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    You must be using a non-standard hard drive / partition configuration. Please clarify what disk I is. Is it on a RAID drive? Is it on a dynamic disk volume? What oper. system do you use?
     
  17. LuckMan212

    LuckMan212 Registered Member

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    I:\ is a USB flash drive. I am running Windows XP. It is not part of a RAID set or a Dynamic disk. The flash drive is 1gb in size, formatted with FAT32. I always plug it into the same USB port and it always gets assigned the same drive letter.
     
  18. Marcos

    Marcos Eset Staff Account

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    What about excluding the file "\Device\Harddisk3\DP(1)0-0+9\UTILITIES\NIRSOFT\PSPV\PSPV.EXE" ? Does it make a difference?
     
  19. NOD32 user

    NOD32 user Registered Member

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    I find the same thing with my removable devices on XP - the exclusions still seem to work the same anyhow, so I've never been bothered by it.
     
  20. LuckMan212

    LuckMan212 Registered Member

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    But can you explain what "\Device\Harddisk3\DP(1)0-0+9\UTILITIES\NIRSOFT\PSPV\PSPV.EXE" is? I am unfamiliar with that syntax. Anyway in my earlier post I did mention that NOD32 apparently changed my original entry into \Device\Harddisk3\DP(1)0-0+9\UTILITIES\NIRSOFT\PSPV\PSPV.EXE without my knowledge--And even still, I was getting alerts from that file so the exclusion was not working.

    So Anyway this morning I also got an alert on that file, and when I checked my exclusion list it had changed from:

    I:\UTILITIES\NIRSOFT\PSPV\PSPV.EXE into

    J:\UTILITIES\NIRSOFT\PSPV\PSPV.EXE

    Again, this happened without my knowledge and I do not know why it is doing this. The current exclusions model seems to be a real problem for me I hope NOD32 3.0 will address this and provide a more robust exclusion system that takes into account some of my suggestions above.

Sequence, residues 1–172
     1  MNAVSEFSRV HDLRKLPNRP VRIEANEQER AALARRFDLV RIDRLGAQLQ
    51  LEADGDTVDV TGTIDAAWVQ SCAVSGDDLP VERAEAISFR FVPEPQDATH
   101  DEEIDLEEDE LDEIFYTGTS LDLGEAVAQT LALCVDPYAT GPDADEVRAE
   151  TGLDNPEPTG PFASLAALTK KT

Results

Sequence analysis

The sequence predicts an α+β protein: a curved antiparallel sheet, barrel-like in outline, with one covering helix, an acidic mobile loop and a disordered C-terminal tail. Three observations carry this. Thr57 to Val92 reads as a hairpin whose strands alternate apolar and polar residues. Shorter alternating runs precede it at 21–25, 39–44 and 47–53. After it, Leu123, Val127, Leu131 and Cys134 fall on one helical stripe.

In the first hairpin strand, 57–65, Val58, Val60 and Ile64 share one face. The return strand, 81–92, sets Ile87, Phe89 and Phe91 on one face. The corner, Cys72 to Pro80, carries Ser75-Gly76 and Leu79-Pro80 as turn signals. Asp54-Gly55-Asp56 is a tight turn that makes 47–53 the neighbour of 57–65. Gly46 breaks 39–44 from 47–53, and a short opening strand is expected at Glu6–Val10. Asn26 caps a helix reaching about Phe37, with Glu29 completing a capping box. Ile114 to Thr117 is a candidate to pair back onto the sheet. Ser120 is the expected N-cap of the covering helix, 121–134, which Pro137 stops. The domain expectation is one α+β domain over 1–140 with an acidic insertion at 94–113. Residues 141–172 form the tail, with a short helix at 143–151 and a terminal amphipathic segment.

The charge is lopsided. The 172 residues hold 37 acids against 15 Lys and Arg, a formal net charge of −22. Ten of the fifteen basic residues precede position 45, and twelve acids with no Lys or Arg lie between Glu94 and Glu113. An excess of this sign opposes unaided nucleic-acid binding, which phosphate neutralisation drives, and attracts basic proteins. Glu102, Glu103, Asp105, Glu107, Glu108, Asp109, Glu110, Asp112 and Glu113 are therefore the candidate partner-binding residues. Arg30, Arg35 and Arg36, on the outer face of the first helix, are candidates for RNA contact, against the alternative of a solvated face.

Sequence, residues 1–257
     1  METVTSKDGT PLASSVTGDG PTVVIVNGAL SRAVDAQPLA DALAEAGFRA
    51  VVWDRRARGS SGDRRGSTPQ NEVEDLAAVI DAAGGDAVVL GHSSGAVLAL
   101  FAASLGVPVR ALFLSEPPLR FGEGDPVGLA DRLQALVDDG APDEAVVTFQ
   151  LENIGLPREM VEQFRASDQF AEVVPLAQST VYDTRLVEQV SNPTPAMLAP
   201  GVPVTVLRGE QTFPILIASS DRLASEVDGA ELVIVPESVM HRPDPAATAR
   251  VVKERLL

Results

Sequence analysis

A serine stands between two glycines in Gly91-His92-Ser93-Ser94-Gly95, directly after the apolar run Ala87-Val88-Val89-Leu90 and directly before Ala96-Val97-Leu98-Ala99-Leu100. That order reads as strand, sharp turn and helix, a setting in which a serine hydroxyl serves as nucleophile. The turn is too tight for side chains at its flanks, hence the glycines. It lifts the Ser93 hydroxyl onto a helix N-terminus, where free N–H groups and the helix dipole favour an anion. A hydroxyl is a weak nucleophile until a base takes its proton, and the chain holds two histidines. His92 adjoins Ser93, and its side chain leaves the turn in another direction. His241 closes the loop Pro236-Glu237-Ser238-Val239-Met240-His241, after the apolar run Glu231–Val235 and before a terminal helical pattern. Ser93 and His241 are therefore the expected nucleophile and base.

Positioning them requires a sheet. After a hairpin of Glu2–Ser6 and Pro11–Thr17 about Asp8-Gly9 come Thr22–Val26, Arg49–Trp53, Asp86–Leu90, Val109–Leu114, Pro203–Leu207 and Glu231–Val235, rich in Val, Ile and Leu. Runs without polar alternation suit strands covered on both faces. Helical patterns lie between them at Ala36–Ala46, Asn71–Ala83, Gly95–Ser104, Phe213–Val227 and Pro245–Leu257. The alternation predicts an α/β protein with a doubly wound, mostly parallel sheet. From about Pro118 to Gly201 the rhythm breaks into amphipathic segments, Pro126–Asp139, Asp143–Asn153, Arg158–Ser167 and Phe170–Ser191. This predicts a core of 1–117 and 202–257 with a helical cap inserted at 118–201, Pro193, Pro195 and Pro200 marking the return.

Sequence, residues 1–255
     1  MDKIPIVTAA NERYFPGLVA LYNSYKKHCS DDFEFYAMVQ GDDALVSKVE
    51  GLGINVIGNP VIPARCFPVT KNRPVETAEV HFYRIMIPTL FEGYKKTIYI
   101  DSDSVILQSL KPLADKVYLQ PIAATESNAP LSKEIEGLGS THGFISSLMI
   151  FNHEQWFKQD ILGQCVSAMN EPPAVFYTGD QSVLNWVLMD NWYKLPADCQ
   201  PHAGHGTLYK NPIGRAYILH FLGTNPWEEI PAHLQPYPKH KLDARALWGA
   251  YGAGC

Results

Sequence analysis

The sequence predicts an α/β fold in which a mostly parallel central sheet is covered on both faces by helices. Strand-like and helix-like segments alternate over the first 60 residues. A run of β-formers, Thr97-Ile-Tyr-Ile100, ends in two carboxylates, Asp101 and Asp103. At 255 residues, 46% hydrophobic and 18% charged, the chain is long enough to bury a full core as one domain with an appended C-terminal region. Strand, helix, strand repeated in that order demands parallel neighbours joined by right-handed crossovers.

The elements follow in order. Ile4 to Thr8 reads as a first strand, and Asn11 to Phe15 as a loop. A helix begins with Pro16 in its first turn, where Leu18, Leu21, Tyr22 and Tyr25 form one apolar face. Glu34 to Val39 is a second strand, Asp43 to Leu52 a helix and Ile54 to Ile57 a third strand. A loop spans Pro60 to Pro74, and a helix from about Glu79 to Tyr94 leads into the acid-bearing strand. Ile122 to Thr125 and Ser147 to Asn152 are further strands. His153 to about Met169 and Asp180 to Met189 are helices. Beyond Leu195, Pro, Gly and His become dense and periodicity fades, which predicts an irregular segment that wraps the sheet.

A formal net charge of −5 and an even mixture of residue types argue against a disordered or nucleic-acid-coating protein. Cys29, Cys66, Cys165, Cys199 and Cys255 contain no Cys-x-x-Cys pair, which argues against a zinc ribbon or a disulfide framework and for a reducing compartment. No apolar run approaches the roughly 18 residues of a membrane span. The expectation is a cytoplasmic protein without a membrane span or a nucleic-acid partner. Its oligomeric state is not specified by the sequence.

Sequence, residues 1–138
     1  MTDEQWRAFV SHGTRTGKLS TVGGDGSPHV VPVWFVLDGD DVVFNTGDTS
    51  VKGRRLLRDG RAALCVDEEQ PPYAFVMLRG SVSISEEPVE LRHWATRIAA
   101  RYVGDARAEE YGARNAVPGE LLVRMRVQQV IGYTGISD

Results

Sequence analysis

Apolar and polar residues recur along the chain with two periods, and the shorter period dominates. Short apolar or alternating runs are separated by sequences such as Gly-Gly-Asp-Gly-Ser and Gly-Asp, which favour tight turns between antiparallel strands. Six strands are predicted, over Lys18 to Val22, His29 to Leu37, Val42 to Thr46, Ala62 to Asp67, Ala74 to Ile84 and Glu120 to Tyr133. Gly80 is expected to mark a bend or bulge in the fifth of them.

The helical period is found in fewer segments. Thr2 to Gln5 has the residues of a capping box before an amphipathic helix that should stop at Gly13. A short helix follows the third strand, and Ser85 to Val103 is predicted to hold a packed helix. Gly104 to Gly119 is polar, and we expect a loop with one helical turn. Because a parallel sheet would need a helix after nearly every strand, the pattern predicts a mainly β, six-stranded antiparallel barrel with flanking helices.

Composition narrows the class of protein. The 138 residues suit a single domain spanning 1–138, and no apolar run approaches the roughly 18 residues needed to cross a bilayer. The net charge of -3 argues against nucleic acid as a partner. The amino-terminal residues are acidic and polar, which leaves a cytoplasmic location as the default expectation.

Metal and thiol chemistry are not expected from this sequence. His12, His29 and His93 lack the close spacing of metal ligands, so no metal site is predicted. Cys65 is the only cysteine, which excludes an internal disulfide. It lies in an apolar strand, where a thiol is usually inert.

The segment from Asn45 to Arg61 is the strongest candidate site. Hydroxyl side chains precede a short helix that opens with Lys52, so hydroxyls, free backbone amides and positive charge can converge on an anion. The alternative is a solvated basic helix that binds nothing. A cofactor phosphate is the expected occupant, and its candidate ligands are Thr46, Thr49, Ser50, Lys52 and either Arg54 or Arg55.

21. alglove

    alglove Registered Member

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    This syntax is how Windows keeps track of the drives internally, instead of using drive letters. Here is an article in Microsoft's Knowledge Base on how to decode this syntax, with a little help from the Registry Editor.

    http://support.microsoft.com/default.aspx?scid=kb;en-us;159865
     
  22. webyourbusiness

    webyourbusiness Registered Member

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    set drive letters in the higher ranges if you have a number of transient drives... this prevents a lot of re-lettering of drives in my experience....
     
  23. LuckMan212

    LuckMan212 Registered Member

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    what I am trying to say is the drive did NOT re-letter itself, the drive was still I: but somehow NOD32 exclusion list changed to J: which I don't even have a J: on my system!! so I am saying this exclusion feature just seems clunky and buggy to me.
     
  24. Marcos

    Marcos Eset Staff Account

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    NOD has nothing to do with the way the OS assigns an internal system name for the removable drive. Maybe you could use Winobj from Sysinternals to see how the drive's system name changes in time.
     
  25. Defenestration

    Defenestration Registered Member

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    I have to say that I am extremely surprised that NOD's exclusion system does is not signature based (ie. stores hash of excluded file), as well as path based.

    This is a big flaw IMO and needs to be fixed ASAP.